The problem may lie in the fact that LVAD patients lose something that most of us take for granted: the pulse created by heart contractions. The LVAD’s mechanical pump supplies blood in a continuous flow.
That’s led to known problems. For example, LVAD patients are at higher risk of gastrointestinal bleeding and stroke. The recently approved Heartmate 3 attempted to address the no-pulse problem by regularly speeding up and slowing down the pump rotor – a kind of artificial heart “lub-dub.” But Cornwell said data thus far show that the feature has not decreased the rate of strokes or bleeding.
Losing the pulse has other “subtle but important implications,” Cornwell said. The heart’s contractions stretch a network of sensors in the aorta and carotid arteries called baroreceptors. These sensors communicate with the brain, helping to regulate blood pressure naturally. In LVAD patients, by contrast, the lack of a pulse “revs up” the sympathetic nervous system, which releases adrenaline and increases blood pressure, thus interfering with normal blood flow.
That may help to explain why many LVAD patients such as Walsh don’t see improvement in their capacity to walk at least short distances without fatigue, climb stairs or do regular household chores, Cornwell said. One question to be answered in the lab is whether LVADs can be made to sufficiently increase blood flow to the body during exercise to compensate for the absence of pulse.
Into the lab
Any conclusions await data gathering. Cornwell is now testing healthy patients. Those with mild heart failure and with LVADs will follow. On a recent afternoon, volunteer Scott Ferguson lay on a bed in Cornwell’s lab. An array of lines to measure cardiac output, heart and lung pressure, blood oxygen levels, and other data ran from Ferguson’s arm and neck. A transcranial device fitted around his head would measure the flow of blood to his brain. Cornwell also took an echocardiogram to get an image of Ferguson’s heart.
A team of CTRC nurses assisted with monitoring Ferguson and taking regular blood draws, which would later measure arterial blood gases during periods of rest and exertion. Greg Coe, clinical research coordinator and regulatory specialist at CU, stood before twin towers of computer monitors displaying many fields of colored lines running in peaks and valleys. These were the representations of Ferguson’s body at work: heart and respiration rate, blood pressure, pulmonary artery pressure and much more.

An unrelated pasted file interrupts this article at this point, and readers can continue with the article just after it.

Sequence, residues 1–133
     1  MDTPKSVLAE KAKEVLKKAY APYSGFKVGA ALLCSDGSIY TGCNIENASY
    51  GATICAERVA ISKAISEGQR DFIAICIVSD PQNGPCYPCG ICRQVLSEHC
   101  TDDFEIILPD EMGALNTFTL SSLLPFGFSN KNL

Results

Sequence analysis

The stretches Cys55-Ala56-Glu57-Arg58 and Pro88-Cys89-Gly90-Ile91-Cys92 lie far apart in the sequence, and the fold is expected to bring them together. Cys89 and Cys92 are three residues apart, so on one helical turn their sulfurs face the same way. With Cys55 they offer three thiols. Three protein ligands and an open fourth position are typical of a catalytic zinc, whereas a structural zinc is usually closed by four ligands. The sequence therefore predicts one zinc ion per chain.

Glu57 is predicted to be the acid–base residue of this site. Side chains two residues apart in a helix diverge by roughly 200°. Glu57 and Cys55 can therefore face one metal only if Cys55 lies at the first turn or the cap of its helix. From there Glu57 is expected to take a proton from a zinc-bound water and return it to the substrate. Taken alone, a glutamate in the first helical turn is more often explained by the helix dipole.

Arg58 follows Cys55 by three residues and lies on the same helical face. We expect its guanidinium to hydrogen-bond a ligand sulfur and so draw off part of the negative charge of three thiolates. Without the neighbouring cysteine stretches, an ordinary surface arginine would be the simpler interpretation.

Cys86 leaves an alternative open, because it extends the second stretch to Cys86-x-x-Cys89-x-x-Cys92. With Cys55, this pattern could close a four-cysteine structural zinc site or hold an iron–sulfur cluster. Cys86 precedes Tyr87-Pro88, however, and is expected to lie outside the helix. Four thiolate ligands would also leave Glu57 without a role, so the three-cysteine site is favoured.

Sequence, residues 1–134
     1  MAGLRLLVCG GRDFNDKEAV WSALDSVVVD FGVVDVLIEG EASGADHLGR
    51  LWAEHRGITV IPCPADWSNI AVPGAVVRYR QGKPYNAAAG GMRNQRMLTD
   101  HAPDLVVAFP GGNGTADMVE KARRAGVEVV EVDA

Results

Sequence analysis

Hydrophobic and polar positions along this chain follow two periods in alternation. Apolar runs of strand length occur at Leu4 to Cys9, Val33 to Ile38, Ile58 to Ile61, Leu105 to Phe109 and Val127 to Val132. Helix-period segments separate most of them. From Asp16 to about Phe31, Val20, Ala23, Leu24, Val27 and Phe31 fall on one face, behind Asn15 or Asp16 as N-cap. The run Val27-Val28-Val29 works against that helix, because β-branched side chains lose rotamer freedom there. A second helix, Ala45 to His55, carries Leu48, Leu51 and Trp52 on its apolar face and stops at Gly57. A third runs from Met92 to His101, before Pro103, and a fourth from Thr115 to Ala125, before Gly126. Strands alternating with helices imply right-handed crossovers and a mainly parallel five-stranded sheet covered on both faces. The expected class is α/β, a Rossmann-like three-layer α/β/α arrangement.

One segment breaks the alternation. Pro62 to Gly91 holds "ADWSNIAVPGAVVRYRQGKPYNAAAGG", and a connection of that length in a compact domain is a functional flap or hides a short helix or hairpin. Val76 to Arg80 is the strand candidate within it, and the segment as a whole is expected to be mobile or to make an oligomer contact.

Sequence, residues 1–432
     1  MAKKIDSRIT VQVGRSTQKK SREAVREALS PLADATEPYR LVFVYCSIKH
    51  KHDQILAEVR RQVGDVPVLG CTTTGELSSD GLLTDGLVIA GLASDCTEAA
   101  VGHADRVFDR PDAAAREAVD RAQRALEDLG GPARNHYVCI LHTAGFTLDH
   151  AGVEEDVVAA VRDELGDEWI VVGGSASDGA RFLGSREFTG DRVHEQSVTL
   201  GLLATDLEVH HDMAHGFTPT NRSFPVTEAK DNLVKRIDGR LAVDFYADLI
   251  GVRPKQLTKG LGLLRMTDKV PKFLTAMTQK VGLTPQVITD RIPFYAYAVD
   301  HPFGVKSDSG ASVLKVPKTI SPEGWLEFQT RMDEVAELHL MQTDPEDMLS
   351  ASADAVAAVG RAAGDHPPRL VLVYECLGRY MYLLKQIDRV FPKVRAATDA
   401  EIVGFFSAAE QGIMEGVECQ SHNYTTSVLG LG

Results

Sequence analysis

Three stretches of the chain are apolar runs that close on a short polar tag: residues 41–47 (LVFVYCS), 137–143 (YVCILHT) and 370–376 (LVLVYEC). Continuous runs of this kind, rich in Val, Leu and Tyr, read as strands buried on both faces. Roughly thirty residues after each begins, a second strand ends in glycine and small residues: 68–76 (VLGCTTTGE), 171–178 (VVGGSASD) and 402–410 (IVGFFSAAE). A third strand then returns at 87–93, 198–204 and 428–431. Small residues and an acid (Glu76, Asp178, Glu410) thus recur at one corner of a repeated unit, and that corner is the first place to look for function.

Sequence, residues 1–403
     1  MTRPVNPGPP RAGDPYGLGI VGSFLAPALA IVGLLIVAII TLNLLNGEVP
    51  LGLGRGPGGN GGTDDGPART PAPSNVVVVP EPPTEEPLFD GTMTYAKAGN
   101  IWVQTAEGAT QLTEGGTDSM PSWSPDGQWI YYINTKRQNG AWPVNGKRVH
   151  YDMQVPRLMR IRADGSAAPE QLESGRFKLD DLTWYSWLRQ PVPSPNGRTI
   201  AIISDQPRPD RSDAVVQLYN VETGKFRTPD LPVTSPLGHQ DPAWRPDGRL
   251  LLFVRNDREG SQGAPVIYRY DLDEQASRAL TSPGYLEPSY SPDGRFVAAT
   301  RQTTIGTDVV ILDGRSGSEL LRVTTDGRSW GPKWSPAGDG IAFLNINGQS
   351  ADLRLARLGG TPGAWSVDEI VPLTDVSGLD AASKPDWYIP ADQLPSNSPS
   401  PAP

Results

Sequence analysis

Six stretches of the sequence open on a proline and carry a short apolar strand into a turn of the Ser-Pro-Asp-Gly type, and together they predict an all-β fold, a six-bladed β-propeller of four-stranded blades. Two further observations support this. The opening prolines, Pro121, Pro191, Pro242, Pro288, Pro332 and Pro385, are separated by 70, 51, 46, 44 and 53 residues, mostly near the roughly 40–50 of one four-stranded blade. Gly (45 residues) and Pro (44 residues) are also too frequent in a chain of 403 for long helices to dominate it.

Ferguson, 29, a post-doctoral fellow in cardiovascular physiology at CU, lay calmly on the bed while Cornwell and his team readied him for the tests. Cornwell asked him to breathe in and breathe out, then to bear down for 20 seconds. Coe timed the exercise while monitoring the readings at the two screens.
With that completed, Ferguson stood and mounted a stationary bike. Coe inserted a long breathing tube in his mouth and clipped his nose. Over the next hour or so, he completed three regimens of timed cycling with low, moderate and intense levels of exertion. During each one, nurses drew blood while Ferguson pointed at a clipboard to silently indicate to Coe his level of exertion. Cornwell orchestrated the work while scrutinizing the lines on the computer screens that charted the changes in Ferguson’s physiological functions as he increased his exertions.
It will be several months before an LVAD patient enters the CTRC lab to provide the same kind of data, Cornwell said. But the work with healthy patients and those with mild heart failure will provide useful comparisons when he and his team examine the responses to exercise of pulseless LVAD patients.
“We’d like to see how much exercise it takes to create a physical pulse using the heart’s natural power,” he said. That might lead to “novel exercise prescriptions,” such as lifting resistance weights or interval training.
“These devices [LVADs] are important, but it doesn’t mean that we stop working,” he said. “Patients improve with them, but they are not out of the woods.”
Walsh is grateful for the lifesaving care he received from the entire CU team at UCH and is ready to do whatever he can to help further. If he is eligible for a transplant, he’s willing to allow study of his damaged heart and said he “absolutely has the same enthusiasm” for Cornwell’s study.
The strongest drive lies close to home: his wife and three daughters, including the youngest, who is just 14 years old.
“My hope is to be here long enough to help her navigate her way through her formative years in high school and, perhaps, even university,” he said. “I’m not afraid of death, but I’d like to think that with the LVAD I have bought more time before the statistics turn against me.”